CS 467 - Color Interpolation
Due: 2020-02-20 3:00p
- Get practice working with p5.js
- Learn about linear interpolation
- Learn about color models
- Accept the assignment on our Github Classroom.
- Download the git repository to your local computer.
This is a fairly simplistic assignment, we are just going to make two bands which fade from one color to another through interpolation. The top band will operate in RGB, and the bottom band will operate in HSB. Each band will consist of a row of small rectangles, the color of which will be chosen based on its position.
Links to the references for the included functions can be found at the bottom.
Part 1: Setup
We will need three main variables to control our color bands: a start color, and end color, and the number of divisions in the band. Create variables
endColor above the
We will initialize these variables inside the
setup() function (this is one of those situations where we have to wait, because the
color() function isn't ready yet). Make the divisions 100, and make the two colors to red and blue.
You will also want to turn off the stroke (
Part 2: Draw the RGB band
draw(), make a
for loop and draw a
rect for each one of the divisions. The band should span the width of the canvas, which is available in the
width variable. Use
width to determine the size of your rectangles given the number of divisions. The height of the rectangles is up to you.
lerpColor to figure out the color for each
rect based on the percentage of the distance across the canvas.
Run this -- you should have a nice band that fades from red to blue.
Part 3: Draw the HSB band
I don't normally recommend this, but copy your
for loop and paste it into the
draw() function a second time. Change the
y position for the rectangles so second band is below the first.
Before the second
for loop, add in
draw() is running in a loop, you will also need to add
colorMode(RGB) before the first
for loop, or both bands will use
This works because the colors are stored independently of the color mode. The color mode comes into effect at the creation time of colors (so inputs can be interpreted correctly) and when performing operations like interpolation.
You should see a distinct difference between the two bands. Can you explain it?
Part 4: Commit your changes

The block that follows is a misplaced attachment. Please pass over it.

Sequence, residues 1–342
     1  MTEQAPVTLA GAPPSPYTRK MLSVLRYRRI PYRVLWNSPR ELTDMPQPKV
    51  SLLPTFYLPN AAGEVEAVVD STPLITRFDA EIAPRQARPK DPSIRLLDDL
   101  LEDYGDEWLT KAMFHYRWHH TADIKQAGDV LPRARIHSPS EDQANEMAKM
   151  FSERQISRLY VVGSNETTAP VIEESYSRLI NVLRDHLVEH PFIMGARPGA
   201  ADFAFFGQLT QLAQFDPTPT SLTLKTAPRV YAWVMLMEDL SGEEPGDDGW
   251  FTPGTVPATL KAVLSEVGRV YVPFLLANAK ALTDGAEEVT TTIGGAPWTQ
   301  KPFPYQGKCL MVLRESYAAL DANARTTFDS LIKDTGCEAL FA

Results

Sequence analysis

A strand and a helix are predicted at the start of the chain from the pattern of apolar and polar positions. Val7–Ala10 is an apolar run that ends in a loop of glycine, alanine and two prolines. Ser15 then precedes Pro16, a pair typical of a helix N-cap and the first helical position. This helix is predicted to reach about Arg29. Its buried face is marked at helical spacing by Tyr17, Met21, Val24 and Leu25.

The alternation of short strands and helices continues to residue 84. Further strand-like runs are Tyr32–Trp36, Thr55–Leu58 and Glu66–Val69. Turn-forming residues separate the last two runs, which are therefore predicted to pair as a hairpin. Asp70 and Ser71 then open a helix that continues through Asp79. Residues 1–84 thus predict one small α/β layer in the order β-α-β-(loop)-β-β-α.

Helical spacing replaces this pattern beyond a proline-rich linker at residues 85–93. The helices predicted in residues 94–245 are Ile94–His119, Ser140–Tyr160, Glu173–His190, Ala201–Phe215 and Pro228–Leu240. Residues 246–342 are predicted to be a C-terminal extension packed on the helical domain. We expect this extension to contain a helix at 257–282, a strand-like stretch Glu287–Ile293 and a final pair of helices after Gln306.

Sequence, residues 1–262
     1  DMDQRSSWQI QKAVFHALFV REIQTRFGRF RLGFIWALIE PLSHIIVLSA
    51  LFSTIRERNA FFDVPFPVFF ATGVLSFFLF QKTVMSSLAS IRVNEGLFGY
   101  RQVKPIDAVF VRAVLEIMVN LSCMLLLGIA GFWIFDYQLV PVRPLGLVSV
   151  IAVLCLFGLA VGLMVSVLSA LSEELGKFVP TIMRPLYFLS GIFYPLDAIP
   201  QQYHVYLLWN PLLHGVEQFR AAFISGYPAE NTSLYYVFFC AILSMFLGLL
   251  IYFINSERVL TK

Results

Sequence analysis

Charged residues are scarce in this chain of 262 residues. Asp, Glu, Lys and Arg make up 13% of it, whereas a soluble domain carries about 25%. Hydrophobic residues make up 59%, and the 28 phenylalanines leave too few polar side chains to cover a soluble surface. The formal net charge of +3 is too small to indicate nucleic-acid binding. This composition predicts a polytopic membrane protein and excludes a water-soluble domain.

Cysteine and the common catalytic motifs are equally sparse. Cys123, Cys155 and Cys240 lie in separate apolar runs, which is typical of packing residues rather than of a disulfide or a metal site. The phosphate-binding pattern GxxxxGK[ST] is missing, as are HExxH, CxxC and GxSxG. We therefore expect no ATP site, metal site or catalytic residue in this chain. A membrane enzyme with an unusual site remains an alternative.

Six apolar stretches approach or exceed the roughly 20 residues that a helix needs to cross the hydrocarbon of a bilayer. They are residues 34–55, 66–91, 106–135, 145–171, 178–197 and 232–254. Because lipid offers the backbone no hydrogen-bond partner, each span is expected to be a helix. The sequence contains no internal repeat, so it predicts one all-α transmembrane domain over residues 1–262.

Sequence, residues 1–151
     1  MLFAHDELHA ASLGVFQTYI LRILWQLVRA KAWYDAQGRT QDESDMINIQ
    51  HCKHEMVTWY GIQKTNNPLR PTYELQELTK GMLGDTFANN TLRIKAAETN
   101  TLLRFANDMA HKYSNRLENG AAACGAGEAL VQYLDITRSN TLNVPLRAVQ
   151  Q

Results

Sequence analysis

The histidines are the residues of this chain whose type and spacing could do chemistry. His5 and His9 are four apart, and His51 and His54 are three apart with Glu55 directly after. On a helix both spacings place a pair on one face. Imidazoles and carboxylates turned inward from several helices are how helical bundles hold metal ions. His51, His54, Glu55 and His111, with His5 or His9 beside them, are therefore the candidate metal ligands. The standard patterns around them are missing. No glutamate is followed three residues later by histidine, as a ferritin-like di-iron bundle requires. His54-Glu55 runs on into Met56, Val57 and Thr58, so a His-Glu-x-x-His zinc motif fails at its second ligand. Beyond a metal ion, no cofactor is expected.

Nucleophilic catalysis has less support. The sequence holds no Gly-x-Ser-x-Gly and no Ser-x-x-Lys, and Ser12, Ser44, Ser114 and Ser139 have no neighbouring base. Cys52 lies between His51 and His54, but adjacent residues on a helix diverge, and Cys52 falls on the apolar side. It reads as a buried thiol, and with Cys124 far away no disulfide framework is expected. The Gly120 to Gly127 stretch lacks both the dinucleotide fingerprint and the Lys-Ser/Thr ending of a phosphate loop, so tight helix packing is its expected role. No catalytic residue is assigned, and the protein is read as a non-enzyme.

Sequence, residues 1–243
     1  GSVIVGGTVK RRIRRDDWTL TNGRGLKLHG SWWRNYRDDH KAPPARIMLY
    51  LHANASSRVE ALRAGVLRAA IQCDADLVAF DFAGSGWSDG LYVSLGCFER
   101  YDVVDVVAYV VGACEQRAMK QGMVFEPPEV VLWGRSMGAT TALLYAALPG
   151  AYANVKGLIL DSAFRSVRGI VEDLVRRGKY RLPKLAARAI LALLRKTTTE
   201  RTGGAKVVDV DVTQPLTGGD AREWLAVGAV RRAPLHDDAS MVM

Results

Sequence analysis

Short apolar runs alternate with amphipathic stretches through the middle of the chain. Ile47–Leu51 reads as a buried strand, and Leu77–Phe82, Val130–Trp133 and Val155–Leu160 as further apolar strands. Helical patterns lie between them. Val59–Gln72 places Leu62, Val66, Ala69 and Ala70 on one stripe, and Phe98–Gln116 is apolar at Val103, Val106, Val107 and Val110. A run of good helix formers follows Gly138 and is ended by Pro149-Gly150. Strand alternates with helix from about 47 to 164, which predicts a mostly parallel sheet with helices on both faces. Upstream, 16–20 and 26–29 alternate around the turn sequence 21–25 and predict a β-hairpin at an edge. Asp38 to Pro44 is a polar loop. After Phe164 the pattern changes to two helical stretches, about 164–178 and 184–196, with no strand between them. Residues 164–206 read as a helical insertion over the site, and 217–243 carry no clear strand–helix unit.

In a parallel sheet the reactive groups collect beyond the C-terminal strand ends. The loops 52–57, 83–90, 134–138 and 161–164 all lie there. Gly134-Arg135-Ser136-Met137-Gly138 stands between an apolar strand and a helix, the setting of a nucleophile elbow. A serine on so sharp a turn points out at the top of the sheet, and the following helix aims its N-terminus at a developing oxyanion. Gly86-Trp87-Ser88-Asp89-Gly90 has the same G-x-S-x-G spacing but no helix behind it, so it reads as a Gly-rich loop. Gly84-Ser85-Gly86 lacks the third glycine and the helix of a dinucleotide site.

Let's be mindful about our git use. Commit your changes to your repository. Don't worry about making feature branches, however, we aren't getting that complex yet.
Part 5: User interaction
We are going to add some basic user interaction to allow the user to control our three primary variables.
Add a slider
Comment out the
divisions variable and add a new
divisionSlider variable. In setup, use the
createSlider() function to make a slider that allows the user to vary the number of divisions between 2 and 200. Set the default to 100, and the step size to 1.
Use the slider's
position function to place it just below the canvas (the
height variable might be useful here).
draw() function so that it pulls the number of divisions from the sliders
You should now be able to slide the slider back and forth and see the number of divisions change.
Add color pickers
A function we have not looked at yet is
createColorPicker(). This works just like
createSlider, except that it places a swatch of color on the page, and clicking on it opens up a color picker, allowing the user to select a new color.
Comment out your
endColor variables, and create two new variables:
setup to initialize your pickers. The function takes a color to initialize the swatch, so pass in red and blue.
Use the pickers'
position function to place them under your slider.
draw function to use the values from these pickers for your color endpoints.
Commit your changes to git and push them back up to GitHub. I will find them there.
Links to the reference pages for the functions you will be using: